Currently, low productivity rates at Spanish ports have already restricted flow of cargo, resulting in significant delays in clearing import and export containers, in particular at the ports of Valencia and Algeciras. While there are queues of several hours reported in Valencia and at TTIA terminal in Algeciras, APM terminal in Algeciras is said to be working normally. The port of Barcelona is currently also operating normally, while a slight decrease in productivity is being reported at the port of Bilbao. Low productivity and threats to strike have led to the cancellation of some vessels. The main terminal operators in Valencia have lost EUR 2.5 million per day since February 25, 2017, having been forced to divert 17 vessels (approximately 16,000 containers) to other competing terminals in Spain, Portugal and Italy. As a result, companies situated at the port of Valencia have accumulated losses of some EUR 32.5 million.
Similarly, the port of Algeciras is said to have lost 13,000 containers due to the mistrust that a strike notice generated with customers, according to Carlos Arias, APM’s director of Southern European Operations for Maersk Line. As a transshipment port, Algeciras is particularly sensitive to cargo disruption. 40% of world containers pass through the port whereas its import-export traffic only accounts for 10%, compared to 50% for Valencia.
Container shipments have also been diverted from the port of Vigo, especially to ports in Portugal. Some carriers have reported revenue losses ranging from 25-30% over the past weeks. According to APM terminals, 20% of cargo movement has so far been lost at the port of Algeciras and the scheduled strikes could potentially reduce the expected cargo movements from 2.5 million to 500,000-700,000 in 2017.
Vessel cancellations further add to the lack of capacity in import and export services to Asia and export services to the USA and Mexico, exacerbating the situation through increasing delays in regular departures of containers. For the period of the strike, high port congestion is expected in all Spanish ports. This is especially critical for goods which are perishable or need special handling such as fresh fruits, hazardous cargo or controlled temperature shipments. It is reported that in Valencia, the sectors most susceptible to the strikes are locally established industries such as chemicals, textiles, ceramics and food and agriculture. Both Valencia and Vigo are also home to important automotive manufacturing locations, which rely on imported components via their respective ports.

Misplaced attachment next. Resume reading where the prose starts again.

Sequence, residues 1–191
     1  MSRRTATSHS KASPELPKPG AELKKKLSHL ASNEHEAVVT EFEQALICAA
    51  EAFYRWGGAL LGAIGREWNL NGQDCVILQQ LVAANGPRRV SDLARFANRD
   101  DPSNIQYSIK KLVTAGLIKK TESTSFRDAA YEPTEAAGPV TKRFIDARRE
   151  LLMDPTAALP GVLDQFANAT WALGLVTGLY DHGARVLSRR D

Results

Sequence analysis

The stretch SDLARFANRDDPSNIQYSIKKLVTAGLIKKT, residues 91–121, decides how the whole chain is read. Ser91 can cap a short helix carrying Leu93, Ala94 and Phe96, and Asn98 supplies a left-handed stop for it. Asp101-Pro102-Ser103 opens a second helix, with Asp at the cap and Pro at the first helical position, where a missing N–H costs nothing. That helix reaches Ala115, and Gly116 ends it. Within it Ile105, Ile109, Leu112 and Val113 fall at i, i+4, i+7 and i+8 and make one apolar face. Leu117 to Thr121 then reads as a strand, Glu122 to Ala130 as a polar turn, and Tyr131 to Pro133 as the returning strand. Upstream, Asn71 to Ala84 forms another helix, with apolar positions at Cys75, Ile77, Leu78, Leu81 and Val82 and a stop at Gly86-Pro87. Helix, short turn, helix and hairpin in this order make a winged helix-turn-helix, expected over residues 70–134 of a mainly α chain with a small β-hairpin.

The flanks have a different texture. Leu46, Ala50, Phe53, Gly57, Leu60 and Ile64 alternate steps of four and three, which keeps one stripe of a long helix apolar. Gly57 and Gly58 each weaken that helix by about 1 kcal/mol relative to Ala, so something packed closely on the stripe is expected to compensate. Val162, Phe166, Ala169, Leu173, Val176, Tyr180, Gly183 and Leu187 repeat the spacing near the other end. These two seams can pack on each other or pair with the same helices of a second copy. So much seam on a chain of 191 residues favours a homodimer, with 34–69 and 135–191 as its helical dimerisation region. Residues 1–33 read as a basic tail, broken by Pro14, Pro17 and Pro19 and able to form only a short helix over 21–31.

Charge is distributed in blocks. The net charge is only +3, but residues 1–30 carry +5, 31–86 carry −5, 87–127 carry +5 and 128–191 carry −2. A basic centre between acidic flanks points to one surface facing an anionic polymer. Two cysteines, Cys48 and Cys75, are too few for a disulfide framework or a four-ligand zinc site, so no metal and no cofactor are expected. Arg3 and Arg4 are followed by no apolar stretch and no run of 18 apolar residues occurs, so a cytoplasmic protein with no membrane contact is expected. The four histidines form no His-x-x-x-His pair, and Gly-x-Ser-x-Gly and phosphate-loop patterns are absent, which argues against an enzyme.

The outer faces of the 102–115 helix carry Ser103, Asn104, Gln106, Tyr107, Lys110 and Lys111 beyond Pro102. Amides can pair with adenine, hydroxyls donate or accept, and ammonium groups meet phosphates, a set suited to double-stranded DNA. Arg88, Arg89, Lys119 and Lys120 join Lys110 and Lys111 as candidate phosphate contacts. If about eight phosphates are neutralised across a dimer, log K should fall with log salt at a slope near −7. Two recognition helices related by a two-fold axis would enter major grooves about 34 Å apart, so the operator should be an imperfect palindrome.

Potential Contingency Measures
Ahead of the planned strike, many companies have already advanced shipments of goods to avoid fines for late delivery once the strikes begin. Other companies are opting for the storage of import-export shipments in container depots at the ports of Valencia, Barcelona and Madrid.
Other companies and vessel carriers are reportedly exploring options of re-routing to other destinations and/or connect shipments via intermodal services. This will likely cause an increase in expenses due to last minute bookings for road and rail services. However, it will guarantee that cargo is exited and tight supply chains deadlines are met, according to David Sánchez, director at the International Center of Transport and External Commerce in Salamanca.
Some companies are exploring options to re-route shipments to other Spanish ports (Barcelona) and European ports in France, Italy (Gioia Tauro) or Portugal (Leixoes and Sines) via road or rail services. However, latest media sources reported that dockworkers are staging a protest at the port of Gioia Tauro on March 2. Some ships have also been called in Malta (Marsaxlokk) instead. This could prevent cargo from remaining in ships, i.e. perishable produce, or being stuck in container depots.
For vessel carriers, the alternative of re-routing would reduce the risk of incurring high costs in the event that vessels are paralyzed in Spanish ports. Danish shipping line Maersk is said to have diverted all westbound Asia – Europe and Middle East services from Algeciras to other terminals in the Mediterranean where it had already secured capacity, according to industry sources. The Danish company operates a third of the maritime movements of all Spanish ports.
There is also the possibility of resorting to transcontinental rail connection services to ship cargo to China. As of January 2017, trains depart regularly from 15 different cities across Europe, including Madrid, Rotterdam, London, Duisburg, Hamburg, Leipzig and Warsaw.
The situation remains extremely dynamic and impacts are already being felt across industries. Monitor Everstream Analytics for the latest updates on the situation in Spain.